Perceptions about Microsoft among its customers, developers and Wall Street really picked up quickly, and the contrast with the imperial Ballmer Reign was also a refreshing change.
Microsoft continues to be a cash flow behemoth, with untold flexibility to speed up product development and to rebound from its historical behavior of misreading consumer trends and being a clumsy, heavy handed late follower.
But really, the latest executive shuffling is just the traditional reversal, which puts more and more onto the plates of two existing executives. Here is the relevant quote from the CEO,
"To better align our capabilities and, ultimately, deliver better products and services our customers love at a more rapid pace, I have decided to organize our engineering effort into three groups that work together to deliver on our strategy and ambitions."Delivering better products and services faster, which work together the way customers want, is something that needs to be achieved now, not ultimately. Making this change doesn't really seem to be demonstrably positive for the important goal.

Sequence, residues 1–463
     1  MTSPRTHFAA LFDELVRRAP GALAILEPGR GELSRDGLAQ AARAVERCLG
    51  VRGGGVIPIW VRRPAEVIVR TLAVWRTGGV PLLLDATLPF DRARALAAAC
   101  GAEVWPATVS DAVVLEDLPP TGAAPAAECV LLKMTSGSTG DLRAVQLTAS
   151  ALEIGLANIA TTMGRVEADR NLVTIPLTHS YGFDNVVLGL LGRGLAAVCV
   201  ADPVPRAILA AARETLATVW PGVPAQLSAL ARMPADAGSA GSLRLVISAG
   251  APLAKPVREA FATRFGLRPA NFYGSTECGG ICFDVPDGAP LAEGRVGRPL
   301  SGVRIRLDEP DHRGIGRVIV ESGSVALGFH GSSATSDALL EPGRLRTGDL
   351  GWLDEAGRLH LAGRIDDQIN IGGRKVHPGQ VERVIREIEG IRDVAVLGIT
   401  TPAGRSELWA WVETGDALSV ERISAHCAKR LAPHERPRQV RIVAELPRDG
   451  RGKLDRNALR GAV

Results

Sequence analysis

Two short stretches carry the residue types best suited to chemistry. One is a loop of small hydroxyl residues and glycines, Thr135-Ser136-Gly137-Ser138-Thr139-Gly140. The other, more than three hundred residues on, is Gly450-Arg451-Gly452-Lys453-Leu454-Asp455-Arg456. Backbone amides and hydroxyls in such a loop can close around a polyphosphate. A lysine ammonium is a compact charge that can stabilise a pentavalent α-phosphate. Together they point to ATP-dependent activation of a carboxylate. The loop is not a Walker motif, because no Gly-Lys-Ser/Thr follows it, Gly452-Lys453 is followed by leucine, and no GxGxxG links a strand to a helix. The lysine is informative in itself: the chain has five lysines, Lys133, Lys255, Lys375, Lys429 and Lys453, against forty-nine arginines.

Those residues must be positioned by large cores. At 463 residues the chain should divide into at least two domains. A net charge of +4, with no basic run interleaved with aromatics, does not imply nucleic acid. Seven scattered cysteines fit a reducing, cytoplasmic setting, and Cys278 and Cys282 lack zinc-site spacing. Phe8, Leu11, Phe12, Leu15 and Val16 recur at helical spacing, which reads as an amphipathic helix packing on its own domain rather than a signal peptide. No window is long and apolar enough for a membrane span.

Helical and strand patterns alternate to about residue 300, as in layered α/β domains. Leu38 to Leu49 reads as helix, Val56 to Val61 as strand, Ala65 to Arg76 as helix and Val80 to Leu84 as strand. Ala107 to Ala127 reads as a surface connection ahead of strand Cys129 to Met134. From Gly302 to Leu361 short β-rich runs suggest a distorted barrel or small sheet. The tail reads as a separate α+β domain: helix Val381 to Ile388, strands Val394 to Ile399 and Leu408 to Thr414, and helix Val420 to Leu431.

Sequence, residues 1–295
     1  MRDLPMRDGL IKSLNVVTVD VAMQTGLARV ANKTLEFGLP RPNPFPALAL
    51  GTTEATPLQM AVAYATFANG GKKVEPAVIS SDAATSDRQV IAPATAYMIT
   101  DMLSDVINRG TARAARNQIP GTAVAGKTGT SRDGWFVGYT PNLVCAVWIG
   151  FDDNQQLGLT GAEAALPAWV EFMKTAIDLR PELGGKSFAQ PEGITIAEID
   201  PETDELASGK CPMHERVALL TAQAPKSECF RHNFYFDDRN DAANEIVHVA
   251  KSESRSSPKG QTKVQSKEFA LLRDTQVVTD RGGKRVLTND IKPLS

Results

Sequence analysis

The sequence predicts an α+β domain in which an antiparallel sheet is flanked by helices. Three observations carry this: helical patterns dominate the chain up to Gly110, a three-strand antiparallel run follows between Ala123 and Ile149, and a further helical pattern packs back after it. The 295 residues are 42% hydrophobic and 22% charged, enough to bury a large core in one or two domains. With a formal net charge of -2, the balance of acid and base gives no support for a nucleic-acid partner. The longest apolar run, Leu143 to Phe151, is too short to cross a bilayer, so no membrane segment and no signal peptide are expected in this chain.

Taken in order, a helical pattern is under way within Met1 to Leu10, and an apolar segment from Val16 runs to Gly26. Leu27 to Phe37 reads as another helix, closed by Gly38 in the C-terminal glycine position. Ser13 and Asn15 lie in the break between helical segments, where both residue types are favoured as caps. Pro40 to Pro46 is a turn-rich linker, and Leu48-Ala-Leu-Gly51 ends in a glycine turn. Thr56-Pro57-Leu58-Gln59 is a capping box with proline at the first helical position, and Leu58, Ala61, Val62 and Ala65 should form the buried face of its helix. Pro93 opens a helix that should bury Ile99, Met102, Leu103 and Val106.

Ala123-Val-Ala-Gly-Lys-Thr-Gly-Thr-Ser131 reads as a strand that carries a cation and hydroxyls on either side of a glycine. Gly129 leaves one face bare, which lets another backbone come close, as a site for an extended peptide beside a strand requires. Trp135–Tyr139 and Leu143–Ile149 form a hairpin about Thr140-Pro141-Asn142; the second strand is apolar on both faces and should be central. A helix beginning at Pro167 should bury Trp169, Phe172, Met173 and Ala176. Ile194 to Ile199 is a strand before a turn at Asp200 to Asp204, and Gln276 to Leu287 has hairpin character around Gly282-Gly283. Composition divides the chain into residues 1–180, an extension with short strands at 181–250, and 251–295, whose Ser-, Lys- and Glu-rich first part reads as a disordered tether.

Microsoft still seems like a big, ponderous organization that is hanging the hat on making the "Windows experience" available across all platforms. That may be a noble goal, and Windows 10 seems to be generating a lot of excitement among Microsoft store employees, but so many of its features and capabilities, though a move up for Microsoft, will probably be leapfrogged by the far more consumer-aware and organizationally agile Apple.
If the culture of Microsoft is ever going to change it has to be at the layers below the EVPs and deep into the structure of the organization. I still wonder how this can be done, and how long it will take.